James L. Oakes
James L. Oakes of Brattleboro was the kind of scholarly and humane judge who gives liberal activism on behalf of constitutional principles a good name.
Oakes, who died on Saturday, was 83 years old. President Nixon appointed him to U.S. District Court in Vermont in 1970 and then named him to the U.S. Court of Appeals in 1971. On the Appeals Court he became known for numerous important rulings, including, famously, a dissent in the case of the Pentagon Papers. Oakes did not agree with the majority of the Appeals Court who supported the right of the Nixon administration to bar publication of the Pentagon Papers by The New York Times. The Supreme Court agreed with Oakes, and The Times was victorious.
Oakes was a stout defender of press freedom, arguing that the press had a role, not just as a check on the malfeasance of government, but as a "powerful vehicle for the effective functioning of a government that by definition is democratic in nature."
Oakes believed judges had a duty to defend our fundamental rights. In an article he wrote for The Columbia Law Review, he said he was not impressed by politicians who condemned such rulings as judicial activism. History sometimes demands action from judges, he said, "when the rest of our political structure bogs down."
In the 1960s Oakes was a Republican state senator and then attorney general, and in the latter role he showed he was willing to stand up against racism. It happened during the notorious Irasburg Affair.
Someone had fired a gun into the home of a black minister and his family in Irasburg, and local investigators managed not to find the culprit, instead naming the minister on a trumped-up charge of adultery. Following the shooting, Oakes had immediately gone to the minister's house to show support. When he sent his deputy attorney general, Frank Mahady, to investigate the shooting, the shooter was found within a day.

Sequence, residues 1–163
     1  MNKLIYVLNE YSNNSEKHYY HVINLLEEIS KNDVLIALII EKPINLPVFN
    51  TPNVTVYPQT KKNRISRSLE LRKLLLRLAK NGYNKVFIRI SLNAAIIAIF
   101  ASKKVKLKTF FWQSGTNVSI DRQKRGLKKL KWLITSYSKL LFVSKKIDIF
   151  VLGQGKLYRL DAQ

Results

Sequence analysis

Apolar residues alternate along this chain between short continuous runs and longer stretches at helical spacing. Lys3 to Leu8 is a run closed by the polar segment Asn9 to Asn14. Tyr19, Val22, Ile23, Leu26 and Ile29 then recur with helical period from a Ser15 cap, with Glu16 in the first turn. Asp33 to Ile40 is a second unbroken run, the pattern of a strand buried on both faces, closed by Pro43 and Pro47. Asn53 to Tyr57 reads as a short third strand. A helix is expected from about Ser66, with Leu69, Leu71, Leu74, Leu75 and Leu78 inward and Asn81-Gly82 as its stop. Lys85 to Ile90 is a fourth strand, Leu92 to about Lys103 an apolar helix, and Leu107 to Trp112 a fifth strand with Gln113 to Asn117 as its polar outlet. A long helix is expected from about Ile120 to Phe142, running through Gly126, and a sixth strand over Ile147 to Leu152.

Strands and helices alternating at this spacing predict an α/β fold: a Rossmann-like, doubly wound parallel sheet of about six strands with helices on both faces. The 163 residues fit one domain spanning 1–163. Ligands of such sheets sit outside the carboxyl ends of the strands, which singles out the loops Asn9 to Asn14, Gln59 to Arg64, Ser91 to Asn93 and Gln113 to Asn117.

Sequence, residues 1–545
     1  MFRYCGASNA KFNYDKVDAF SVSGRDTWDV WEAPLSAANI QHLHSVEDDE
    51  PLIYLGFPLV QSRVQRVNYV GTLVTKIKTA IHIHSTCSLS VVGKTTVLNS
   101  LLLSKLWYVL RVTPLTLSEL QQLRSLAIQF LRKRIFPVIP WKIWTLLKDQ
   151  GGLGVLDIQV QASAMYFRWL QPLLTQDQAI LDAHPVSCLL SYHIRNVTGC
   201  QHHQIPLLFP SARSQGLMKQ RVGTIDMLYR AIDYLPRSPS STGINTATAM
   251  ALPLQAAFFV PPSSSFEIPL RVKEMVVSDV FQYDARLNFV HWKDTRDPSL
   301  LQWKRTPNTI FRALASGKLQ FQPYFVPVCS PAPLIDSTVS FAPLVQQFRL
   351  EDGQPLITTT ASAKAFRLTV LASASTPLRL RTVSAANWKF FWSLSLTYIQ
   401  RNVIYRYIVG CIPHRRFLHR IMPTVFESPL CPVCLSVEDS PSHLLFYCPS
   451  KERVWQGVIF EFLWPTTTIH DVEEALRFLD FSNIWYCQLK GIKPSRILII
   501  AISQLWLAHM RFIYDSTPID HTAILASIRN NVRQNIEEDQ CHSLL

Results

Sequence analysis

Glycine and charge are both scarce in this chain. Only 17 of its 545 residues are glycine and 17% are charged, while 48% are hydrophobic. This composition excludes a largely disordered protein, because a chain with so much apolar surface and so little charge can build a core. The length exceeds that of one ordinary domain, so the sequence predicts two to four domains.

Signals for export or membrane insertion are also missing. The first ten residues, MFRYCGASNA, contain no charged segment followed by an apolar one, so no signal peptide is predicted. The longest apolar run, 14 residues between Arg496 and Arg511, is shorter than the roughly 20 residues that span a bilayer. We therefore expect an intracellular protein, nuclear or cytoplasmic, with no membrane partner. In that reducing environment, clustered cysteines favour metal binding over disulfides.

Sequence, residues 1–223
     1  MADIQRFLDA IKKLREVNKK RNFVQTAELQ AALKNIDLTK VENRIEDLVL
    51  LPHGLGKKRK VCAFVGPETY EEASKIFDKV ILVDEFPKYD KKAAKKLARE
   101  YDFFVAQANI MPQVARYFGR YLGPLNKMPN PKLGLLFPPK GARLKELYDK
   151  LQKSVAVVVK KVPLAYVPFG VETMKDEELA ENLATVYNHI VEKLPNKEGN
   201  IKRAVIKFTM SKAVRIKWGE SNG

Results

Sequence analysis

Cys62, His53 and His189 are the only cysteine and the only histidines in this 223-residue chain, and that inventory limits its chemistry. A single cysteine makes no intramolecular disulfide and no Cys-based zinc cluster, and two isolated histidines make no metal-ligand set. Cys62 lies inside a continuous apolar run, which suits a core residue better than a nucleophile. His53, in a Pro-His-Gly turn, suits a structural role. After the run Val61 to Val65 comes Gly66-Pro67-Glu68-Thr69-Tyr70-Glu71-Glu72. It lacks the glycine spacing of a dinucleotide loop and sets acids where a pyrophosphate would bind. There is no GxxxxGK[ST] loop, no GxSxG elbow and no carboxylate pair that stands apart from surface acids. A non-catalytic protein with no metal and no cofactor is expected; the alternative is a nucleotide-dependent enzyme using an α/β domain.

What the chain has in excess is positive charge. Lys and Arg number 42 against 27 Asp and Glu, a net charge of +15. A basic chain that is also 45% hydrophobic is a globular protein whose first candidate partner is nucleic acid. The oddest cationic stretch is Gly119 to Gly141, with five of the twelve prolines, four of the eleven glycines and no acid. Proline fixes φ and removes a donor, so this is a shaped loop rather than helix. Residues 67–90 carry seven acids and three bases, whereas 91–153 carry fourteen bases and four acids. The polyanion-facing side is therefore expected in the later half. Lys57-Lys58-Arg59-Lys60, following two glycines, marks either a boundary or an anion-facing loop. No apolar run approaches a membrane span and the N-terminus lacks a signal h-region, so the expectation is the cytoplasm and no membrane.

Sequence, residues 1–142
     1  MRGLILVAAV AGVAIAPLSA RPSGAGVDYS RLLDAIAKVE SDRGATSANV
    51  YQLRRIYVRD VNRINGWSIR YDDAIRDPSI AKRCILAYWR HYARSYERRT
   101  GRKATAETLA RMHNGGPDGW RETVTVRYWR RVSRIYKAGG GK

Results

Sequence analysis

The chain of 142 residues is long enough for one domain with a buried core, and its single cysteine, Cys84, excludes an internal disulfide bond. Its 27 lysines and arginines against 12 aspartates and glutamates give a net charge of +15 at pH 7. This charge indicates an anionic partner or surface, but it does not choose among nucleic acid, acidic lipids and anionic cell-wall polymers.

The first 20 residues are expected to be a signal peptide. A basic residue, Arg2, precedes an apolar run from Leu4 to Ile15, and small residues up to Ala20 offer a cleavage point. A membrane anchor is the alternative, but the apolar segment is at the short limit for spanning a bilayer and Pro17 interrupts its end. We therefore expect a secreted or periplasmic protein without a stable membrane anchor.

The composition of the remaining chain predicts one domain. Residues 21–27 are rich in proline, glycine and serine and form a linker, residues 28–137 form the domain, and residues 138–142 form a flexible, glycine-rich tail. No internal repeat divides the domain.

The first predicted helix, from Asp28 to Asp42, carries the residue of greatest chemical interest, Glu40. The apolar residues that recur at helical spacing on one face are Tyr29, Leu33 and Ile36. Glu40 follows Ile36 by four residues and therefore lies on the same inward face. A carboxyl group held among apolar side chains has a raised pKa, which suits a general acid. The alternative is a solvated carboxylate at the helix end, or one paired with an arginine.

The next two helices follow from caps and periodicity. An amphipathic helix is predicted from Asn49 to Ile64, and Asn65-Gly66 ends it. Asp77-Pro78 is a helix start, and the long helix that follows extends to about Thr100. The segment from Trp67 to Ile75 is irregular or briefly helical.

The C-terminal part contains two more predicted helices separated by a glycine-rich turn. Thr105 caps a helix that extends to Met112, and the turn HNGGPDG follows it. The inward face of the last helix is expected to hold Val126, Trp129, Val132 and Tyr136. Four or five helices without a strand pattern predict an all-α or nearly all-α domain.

Oakes' political career ended in 1968 when Deane Davis defeated him in the Republican primary for governor. Oakes was aligned with the liberal wing of the Republican Party that included George Aiken, Ernest Gibson, and Oakes' law partner, Robert Gannett, who became a longtime senator from Windham County. The attorney general who followed him into office, James Jeffords, was part of that tradition, as well.
That tradition encompassed respect for the environment, and in a case that came before the Appeals Court, Oakes wrote a decision upholding Vermont's landmark land-use law, Act 250. Developers at Stratton had challenged the right of the state to limit their use of the land, and they were supported by conservatives who argued that the "taking" of property rights by government was unconstitutional. Oakes' ruling was a strong defense of the government's power to balance property rights with other interests, such as environmental protection.
Oakes was revered as a judge and loved as a human being. Supreme Court Justice Ruth Bader Ginsburg said Oakes was the "model of what a great judge should be ó learned in the law, but ever mindful of the people law exists to service."
Sen. Patrick Leahy said, "He would have been extremely well-qualified to be on the Supreme Court."
Oakes has now passed on. Lawmakers and judges must now ensure that the constitutional principles he spent his life defending survive him.